EHRs, Red Tape Eroding Physician Job Satisfaction
Problems with electronic health records systems and the overall burden of rules and regulations imposed by payers and other entities are having a deleterious effect on the professional satisfaction of medical doctors, survey results find.
Physicians are most satisfied when they deliver high quality care to their patients, but problems with electronic medical records and red tape are hindering their practices, a multi-state survey shows.
The RAND Corp. report was commissioned by the American Medical Association and surveyed hundreds of physicians in six states to identify the factors that influence professional satisfaction. The survey found that only 20% of physicians said they want to return to paper medical records.
Most physicians, however, expressed deep frustration with costly and overly complicated EHRs that have fallen far short of their promise to improve practice efficiency.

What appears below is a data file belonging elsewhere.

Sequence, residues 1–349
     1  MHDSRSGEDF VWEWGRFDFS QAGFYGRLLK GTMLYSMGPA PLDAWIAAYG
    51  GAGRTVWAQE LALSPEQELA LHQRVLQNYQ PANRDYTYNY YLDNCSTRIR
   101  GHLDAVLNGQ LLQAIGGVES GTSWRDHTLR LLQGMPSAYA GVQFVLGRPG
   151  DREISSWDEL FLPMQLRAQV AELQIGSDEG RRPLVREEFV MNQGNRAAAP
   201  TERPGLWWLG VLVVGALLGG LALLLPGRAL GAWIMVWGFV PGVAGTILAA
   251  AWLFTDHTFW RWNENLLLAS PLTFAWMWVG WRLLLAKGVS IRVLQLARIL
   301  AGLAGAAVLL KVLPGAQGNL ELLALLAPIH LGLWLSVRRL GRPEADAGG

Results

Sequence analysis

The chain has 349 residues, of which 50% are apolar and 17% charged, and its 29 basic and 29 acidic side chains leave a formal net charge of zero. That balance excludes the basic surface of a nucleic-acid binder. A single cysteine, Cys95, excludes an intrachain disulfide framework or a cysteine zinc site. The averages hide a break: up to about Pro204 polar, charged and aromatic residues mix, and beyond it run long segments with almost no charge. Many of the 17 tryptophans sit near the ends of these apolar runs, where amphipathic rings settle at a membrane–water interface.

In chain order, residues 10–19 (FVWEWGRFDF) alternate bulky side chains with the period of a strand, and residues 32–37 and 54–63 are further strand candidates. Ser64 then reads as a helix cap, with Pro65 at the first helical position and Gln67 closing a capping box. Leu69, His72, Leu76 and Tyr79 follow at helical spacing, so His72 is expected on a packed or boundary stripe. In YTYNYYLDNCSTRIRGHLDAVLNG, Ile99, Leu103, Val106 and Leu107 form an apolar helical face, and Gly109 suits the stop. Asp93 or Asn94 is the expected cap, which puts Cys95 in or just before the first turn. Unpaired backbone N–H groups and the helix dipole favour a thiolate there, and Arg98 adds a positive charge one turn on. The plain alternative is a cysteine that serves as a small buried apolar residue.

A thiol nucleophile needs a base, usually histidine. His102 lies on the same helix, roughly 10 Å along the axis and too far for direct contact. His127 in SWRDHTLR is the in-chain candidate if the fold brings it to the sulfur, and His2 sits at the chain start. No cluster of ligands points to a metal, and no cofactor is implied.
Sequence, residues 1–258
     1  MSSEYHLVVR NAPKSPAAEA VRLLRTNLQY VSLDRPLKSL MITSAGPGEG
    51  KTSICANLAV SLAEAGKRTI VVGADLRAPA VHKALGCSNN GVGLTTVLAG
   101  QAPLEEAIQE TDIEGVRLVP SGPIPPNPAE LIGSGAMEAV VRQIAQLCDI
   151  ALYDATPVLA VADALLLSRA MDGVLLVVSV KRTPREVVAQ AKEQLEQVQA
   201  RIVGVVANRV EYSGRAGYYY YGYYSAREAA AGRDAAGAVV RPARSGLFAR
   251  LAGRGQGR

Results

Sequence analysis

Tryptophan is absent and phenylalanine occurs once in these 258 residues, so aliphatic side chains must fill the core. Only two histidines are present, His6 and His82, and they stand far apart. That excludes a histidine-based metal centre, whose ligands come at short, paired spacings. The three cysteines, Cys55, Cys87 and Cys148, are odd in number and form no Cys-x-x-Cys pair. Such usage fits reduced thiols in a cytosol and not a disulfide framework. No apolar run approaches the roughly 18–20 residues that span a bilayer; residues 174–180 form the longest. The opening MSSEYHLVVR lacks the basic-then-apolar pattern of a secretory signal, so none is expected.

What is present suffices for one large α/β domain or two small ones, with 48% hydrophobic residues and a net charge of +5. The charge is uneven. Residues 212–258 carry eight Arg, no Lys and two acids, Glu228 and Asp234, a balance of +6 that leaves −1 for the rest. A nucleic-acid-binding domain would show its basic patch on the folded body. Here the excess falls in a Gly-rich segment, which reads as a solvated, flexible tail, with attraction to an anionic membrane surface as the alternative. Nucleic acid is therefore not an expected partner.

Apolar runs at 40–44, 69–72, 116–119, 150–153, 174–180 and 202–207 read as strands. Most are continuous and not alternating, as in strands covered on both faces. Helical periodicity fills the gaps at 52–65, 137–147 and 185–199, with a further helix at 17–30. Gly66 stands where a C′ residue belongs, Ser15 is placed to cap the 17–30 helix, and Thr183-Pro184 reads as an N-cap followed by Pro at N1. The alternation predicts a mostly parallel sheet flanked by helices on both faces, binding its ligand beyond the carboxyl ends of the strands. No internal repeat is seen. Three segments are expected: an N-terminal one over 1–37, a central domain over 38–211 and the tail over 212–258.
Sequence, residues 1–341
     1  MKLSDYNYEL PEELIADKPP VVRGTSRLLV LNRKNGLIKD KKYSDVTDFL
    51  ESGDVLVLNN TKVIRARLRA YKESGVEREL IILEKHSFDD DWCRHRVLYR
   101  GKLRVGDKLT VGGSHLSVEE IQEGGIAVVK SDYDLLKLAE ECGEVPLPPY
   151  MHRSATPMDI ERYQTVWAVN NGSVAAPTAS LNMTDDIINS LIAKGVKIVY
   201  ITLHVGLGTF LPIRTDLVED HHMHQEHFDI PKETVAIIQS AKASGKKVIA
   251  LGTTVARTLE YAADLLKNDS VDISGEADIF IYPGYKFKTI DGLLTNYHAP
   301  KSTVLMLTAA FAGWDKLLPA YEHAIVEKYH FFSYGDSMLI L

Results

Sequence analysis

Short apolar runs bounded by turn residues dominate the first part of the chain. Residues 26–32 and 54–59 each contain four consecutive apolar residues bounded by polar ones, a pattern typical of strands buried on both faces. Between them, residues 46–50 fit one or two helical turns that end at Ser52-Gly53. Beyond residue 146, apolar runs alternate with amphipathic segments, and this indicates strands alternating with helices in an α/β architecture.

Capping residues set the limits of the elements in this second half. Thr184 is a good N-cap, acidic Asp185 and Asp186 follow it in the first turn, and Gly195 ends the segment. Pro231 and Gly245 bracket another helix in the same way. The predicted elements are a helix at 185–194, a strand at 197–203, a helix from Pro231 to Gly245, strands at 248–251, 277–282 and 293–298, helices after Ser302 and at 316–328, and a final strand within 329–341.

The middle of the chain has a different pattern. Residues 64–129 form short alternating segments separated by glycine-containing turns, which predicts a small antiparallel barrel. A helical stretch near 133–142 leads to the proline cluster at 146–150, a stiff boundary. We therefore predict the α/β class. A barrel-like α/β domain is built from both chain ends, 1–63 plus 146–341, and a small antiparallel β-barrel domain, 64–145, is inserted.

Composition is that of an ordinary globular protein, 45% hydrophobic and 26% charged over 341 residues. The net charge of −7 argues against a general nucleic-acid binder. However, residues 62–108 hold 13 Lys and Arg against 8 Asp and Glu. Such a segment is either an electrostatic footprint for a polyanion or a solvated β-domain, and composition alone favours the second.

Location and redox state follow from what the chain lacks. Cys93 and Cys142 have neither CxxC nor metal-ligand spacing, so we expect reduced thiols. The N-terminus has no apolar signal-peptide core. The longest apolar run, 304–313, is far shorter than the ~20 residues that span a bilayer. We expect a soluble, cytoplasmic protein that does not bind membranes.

"This is a vexing problem," Mark Friedberg, MD, the study's lead author at RAND, said Tuesday at an AMA teleconference.
"Physicians like some aspects of their EHR and the vast majority prefer EHR to paper. However, physicians also report that EHRs are not nearly as good as they can and should be. The priority, our study suggests, is to rapidly improve EHR usability and functionality."
Friedberg says the survey findings also suggest that dissatisfied physicians "could be seen as canaries in the coal mine for quality as an early indicator of potential problems with quality in the healthcare system."
"Most prior studies have conceptualized physician professional satisfaction as mattering because it may lead downstream to higher quality and better experiences for patients and patient care," he says. "Our findings at least suggest an alternative reason to really care about physician professional satisfaction by reversing the causal and thinking of professional satisfaction as actually an indicator of quality of care rather than something that is necessary for quality of care to occur."
AMA President Ardis Dee Hoven, MD, says the survey suggests that physician satisfaction is a "wind vane that shows us the factors out there that can be barriers to first-rate medical care."